By Steven Pressfield | Published: February 12, 2014
Consider James Rhodes, whose April 26, 2013 article in the Guardian UK I stole for last week’s post:
I didn’t play the piano for 10 years. A decade of slow death by greed working in the City, chasing something that never existed in the first place (security, self-worth, Don Draper albeit a few inches shorter and a few women fewer). And only when the pain of not doing it got greater than the imagined pain of doing it did I somehow find the balls to pursue what I really wanted and had been obsessed by since the age of seven—to be a concert pianist.
That’s Resistance. That’s the definition of Resistance. Mr. Rhodes at that point was mired in a shadow career. He was operating as an amateur. Suddenly some force seizes him. He turns pro:
Admittedly I went a little extreme—no income for five years, six hours a day of intense practice, monthly four-day long lessons with a brilliant and psychopathic teacher in Verona, a hunger for something that was so necessary it cost me my marriage, nine months in a mental hospital, most of my dignity and about 35lbs in weight. And the pot of gold at the end of the rainbow is not perhaps the Disney ending I’d envisaged as I lay in bed aged 10 listening to Horowitz devouring Rachmaninov at Carnegie Hall.
I love Mr. Rhodes’ testament not just because he’s my kinda guy, because he’s nuts, because he laid it all on the line, etc. etc. But because his story—and yours and mine—proves there is a God.
Resistance is a universal phenomenon of the human psyche. Everyone experiences it. (Trust me, I know from the thousands of e-mails I’ve gotten on the subject.)
Resistance’s sole object is to prevent you and me from becoming concert pianists, writing bestselling novels, founding the follow-on to Mother Teresa’s Missionaries of Charity.
In other words, Resistance’s purpose is to prevent good from entering the world.
Resistance is the devil.
If there is a devil, there must be a God.
Was all that work at the piano worth it, Mr. Rhodes?
And yet. The indescribable reward of taking a bunch of ink on paper from the shelf at Chappell of Bond Street. Tubing it home, setting the score, pencil, coffee and ashtray on the piano and emerging a few days, weeks or months later able to perform something that some mad, genius, lunatic of a composer 300 years ago heard in his head while out of his mind with grief or love or syphilis. A piece of music that will always baffle the greatest minds in the world, that simply cannot be made sense of, that is still living and floating in the ether and will do so for yet more centuries to come. That is extraordinary. And I did that. I do it, to my continual astonishment, all the time.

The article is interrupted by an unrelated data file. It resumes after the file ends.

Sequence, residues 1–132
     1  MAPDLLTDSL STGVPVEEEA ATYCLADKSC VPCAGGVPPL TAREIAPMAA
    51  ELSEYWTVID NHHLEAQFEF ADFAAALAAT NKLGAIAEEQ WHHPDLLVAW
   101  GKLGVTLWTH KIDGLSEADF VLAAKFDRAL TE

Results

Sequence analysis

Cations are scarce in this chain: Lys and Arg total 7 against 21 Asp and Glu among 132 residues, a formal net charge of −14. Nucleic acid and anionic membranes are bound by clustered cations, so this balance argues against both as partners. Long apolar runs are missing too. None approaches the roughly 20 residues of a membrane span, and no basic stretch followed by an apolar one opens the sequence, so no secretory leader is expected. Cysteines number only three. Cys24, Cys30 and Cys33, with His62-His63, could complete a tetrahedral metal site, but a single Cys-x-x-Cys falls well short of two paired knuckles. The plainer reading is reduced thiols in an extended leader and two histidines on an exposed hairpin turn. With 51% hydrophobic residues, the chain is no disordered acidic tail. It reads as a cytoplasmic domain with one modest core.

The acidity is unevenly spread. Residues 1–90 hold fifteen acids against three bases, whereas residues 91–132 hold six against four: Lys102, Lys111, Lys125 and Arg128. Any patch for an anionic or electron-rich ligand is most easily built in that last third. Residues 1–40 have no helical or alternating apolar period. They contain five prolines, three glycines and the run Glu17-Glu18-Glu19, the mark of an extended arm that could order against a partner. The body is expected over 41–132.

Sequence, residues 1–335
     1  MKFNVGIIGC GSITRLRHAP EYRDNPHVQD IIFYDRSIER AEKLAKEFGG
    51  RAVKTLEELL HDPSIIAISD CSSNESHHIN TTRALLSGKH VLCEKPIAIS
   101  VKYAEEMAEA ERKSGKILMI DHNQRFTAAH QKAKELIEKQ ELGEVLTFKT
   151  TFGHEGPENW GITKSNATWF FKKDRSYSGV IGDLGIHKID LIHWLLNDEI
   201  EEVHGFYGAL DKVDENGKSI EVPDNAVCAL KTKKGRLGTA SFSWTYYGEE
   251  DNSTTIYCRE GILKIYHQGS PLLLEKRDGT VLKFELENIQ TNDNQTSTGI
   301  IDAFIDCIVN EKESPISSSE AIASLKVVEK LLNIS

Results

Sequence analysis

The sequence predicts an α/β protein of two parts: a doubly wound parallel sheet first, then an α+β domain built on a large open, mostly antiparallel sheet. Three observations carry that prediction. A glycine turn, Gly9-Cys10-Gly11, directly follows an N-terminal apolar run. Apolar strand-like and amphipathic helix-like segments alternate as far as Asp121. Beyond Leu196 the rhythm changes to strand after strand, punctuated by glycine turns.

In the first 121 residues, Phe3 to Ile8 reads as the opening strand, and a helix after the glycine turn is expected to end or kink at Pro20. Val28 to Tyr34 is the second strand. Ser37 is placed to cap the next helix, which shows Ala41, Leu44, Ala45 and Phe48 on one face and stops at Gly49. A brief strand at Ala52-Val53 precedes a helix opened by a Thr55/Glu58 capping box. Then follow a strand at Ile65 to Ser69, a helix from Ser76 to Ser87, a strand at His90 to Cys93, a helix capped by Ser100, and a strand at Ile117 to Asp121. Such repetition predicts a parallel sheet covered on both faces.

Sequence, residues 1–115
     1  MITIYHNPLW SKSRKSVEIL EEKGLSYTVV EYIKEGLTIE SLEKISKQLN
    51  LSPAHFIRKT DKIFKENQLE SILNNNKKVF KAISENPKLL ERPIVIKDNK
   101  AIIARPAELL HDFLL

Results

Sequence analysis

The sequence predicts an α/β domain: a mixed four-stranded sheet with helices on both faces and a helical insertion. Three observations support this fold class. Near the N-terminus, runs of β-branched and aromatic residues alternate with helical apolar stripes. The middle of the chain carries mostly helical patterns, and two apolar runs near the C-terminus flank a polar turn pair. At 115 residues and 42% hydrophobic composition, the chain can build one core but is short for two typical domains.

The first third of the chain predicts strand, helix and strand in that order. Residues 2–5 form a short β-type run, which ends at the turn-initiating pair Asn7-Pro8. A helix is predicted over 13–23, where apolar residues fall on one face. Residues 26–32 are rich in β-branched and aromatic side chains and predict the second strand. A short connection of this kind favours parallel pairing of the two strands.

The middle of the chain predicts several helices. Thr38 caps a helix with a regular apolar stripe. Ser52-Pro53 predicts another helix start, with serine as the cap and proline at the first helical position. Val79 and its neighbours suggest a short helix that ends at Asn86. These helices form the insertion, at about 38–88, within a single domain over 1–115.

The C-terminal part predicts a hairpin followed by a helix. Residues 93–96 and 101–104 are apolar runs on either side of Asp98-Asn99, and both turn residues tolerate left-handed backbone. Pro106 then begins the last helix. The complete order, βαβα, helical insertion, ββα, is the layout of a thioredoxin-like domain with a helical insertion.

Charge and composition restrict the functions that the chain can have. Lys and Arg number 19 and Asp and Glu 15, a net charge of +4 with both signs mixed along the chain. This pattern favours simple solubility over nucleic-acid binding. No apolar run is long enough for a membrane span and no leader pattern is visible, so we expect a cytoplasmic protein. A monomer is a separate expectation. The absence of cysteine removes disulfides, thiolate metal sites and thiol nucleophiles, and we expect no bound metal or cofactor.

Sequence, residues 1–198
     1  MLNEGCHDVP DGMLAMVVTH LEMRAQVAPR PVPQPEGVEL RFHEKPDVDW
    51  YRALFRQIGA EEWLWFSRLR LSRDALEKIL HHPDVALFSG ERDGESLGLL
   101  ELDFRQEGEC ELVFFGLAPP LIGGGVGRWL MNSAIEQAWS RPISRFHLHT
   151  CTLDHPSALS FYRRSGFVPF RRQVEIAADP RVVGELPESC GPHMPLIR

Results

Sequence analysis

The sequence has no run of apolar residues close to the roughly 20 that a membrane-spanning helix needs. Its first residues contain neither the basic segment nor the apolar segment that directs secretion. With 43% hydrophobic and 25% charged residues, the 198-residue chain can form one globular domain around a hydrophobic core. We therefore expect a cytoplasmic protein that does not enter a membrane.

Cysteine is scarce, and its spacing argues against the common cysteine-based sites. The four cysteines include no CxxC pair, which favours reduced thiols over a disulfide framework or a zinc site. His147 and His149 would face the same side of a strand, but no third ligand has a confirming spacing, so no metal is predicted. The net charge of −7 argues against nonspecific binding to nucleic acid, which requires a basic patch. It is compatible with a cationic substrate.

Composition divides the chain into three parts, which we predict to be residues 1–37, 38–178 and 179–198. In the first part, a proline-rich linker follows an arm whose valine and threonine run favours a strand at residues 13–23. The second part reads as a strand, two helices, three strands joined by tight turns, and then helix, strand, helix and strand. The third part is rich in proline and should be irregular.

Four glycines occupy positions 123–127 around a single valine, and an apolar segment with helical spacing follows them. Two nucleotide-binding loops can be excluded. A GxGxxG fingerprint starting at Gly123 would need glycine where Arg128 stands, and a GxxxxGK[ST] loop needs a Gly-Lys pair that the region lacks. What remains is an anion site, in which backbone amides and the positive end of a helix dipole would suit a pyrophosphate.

James Rhodes beat the devil. There’s no other way to express it. Something kept him going, just like something kept Rachmaninov going, and something keeps you and me going.
The Muse? The superconscious?
What name would you put to it?
My life involves endless hours of repetitive and frustrating practising, lonely hotel rooms, dodgy pianos, aggressively bitchy reviews, isolation, confusing airline reward programmes, physiotherapy, stretches of nervous boredom (counting ceiling tiles backstage as the house slowly fills up) punctuated by short moments of extreme pressure (playing 120,000 notes from memory in the right order with the right fingers, the right sound, the right pedalling while chatting about the composers and pieces and knowing there are critics, recording devices, my mum, the ghosts of the past, all there watching), and perhaps most crushingly, the realisation that I will never, ever give the perfect recital. It can only ever, with luck, hard work and a hefty dose of self-forgiveness, be “good enough.”
That’s a pro. That’s a man who’s in the trenches, fighting the war every day. That is a man, an artist, whose inner and outer worlds are suffused with grace and beauty and honor and courage—and who by his music and his personal example pass those qualities on to you and me.
So please, critics, spare me the “God is dead” manifesto. Not even the guys who thought that shit up believed it. They were battling Resistance every day, and they were receiving inspiration from the goddess.
I refuse to believe that we humans are alone and bereft in a meaningless cosmos. If we were, there would be no such phenomenon as Resistance. What possible purpose could Resistance serve in a universe devoid of meaning?
Hell exists, yes. But heaven does too.
James Rhodes is my hero because he found himself between the two and he chose the loftier and the nobler.
I salute you, sir. May we all find the grace and strength to follow your example.